Jason Vickery (Dorset Dairy Farmer), Richard May (Cheshire Beagle pack owner), Colin Dayment (Devon Farrier), Lesley Drage (Glos Livery yard owner), Joe Cowen (Leics landowner and MFH of the Cottesmore), Donald Summersgill (Master of the Devon & Somerset Staghounds) and Kim Gooding (Lincs coursing trainer and kennel owner)
HUNT SUPPORTERS from across Europe have linked up with UK campaigners for a fresh legal bid to overturn the ban on hunting with hounds in England and Wales.
The two groups, including the Countryside Alliance, aim to catch the Government in a crossfire of EU law and domestic Human Rights challenges at the High Court in London.
Their application for judicial review began on Monday of this week and was expected to be heard over an anticipated six days before Lord Justice May, sitting with Mr Justice Moses. Horse dealers and breeders from Ireland who report suffering heavy financial losses are in the European campaign against the ban including Francis Derwin who owns one of the largest horse dealerships in Ireland and deals in around 800 horses a year.
A Belgian aristocrat, together with hunt followers from France, Germany and Portugal are also among the nine applicants seeking to use "superior" EU law to knock out the 2004 Hunting Act.
The ban prohibits deer hunting and hare coursing with dogs, as well as fox hunting, in England and Wales under the Hunting Act, which was passed by Parliament in November 2004.
Lawyers for the nine appellants – dubbed the "EU Nine" argue the ban cannot stand because it is inconsistent with articles under the Treaty that established the European Community. Articles 28, 39 and 49 protect the free movement of goods and workers within the Community and the freedom "to provide and receive services".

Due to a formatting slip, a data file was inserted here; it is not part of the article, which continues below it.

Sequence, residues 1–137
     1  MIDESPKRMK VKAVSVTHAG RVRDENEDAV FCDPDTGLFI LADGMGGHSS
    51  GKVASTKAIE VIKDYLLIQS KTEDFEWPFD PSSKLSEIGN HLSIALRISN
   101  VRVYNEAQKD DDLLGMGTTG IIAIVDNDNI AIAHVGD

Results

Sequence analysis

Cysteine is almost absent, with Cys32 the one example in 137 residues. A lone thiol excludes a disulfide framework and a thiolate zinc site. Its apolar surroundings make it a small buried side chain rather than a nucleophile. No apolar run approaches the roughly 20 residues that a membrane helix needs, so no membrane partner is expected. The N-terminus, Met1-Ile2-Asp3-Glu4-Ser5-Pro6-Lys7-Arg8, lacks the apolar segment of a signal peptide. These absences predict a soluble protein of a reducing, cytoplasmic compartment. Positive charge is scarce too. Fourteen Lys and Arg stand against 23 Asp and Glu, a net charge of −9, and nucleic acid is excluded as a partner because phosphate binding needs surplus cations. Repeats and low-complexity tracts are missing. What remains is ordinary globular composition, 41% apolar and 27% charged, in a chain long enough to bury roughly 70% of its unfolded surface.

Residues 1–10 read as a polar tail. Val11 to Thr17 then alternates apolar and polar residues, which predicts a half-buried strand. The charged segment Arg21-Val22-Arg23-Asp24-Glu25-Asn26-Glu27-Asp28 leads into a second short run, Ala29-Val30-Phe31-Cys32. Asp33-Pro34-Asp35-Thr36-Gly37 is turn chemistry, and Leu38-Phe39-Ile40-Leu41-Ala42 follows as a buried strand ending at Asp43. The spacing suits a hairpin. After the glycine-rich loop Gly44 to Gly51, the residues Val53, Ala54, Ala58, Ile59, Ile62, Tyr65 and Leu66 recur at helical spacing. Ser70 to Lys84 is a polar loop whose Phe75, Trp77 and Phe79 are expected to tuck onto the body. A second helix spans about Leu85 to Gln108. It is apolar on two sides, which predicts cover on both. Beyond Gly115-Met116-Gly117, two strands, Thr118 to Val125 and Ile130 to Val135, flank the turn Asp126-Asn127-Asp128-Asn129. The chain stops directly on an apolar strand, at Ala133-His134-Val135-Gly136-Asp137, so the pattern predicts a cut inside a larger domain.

The nine say their Community rights of free movement and to trade have been infringed in a way which is unjustified and disproportionate. The ban also means that EU workers are being denied jobs. Their lawyers will contend that the "supremacy of Community law" means the Hunting Act, which is in conflict with those free movement rights, must be quashed or declared void.
The linked human rights challenge is being by pro-hunt campaigners from across the UK, who want a declaration that the Hunting Act is "incompatible" with the European Convention on Human Rights.
They say the ban is resulting in thousands of job losses and profoundly damaging the rural economy by outlawing an important and fundamental part of rural life.
The ‘domestic’ challenge to the Hunting Act is being brought by the Countryside Alliance on behalf of ten individual British families whose livelihoods depend on hunting. The challenge focuses on the discrimination against a significant majority, and engages Articles 8 (the right to respect for private life), 11 (freedom of assembly and association), 14 (prohibition of discrimination) and Article 1, Protocol 1 (protection of property).
Alliance Chief Executive Simon Hart said: "A mature democracy such as ours should safeguard the rights of minorities. It is a sad state of affairs when the Government allows discrimination, prejudice and political expediency to come before principle, evidence and decency, as it has done in forcing through the Hunting Act. It is now down to the courts to protect the human rights of the hunting community and, by extension, those of other minorities.
"The Hunting Act infringes fundamental rights under the European Convention on Human Rights which the Government signed up to and is bound by. The Government chose to ignore the warning of Westminster’s own Joint Committee on Human Rights that the Hunting Act infringed the ECHR and now it must face the consequences in court."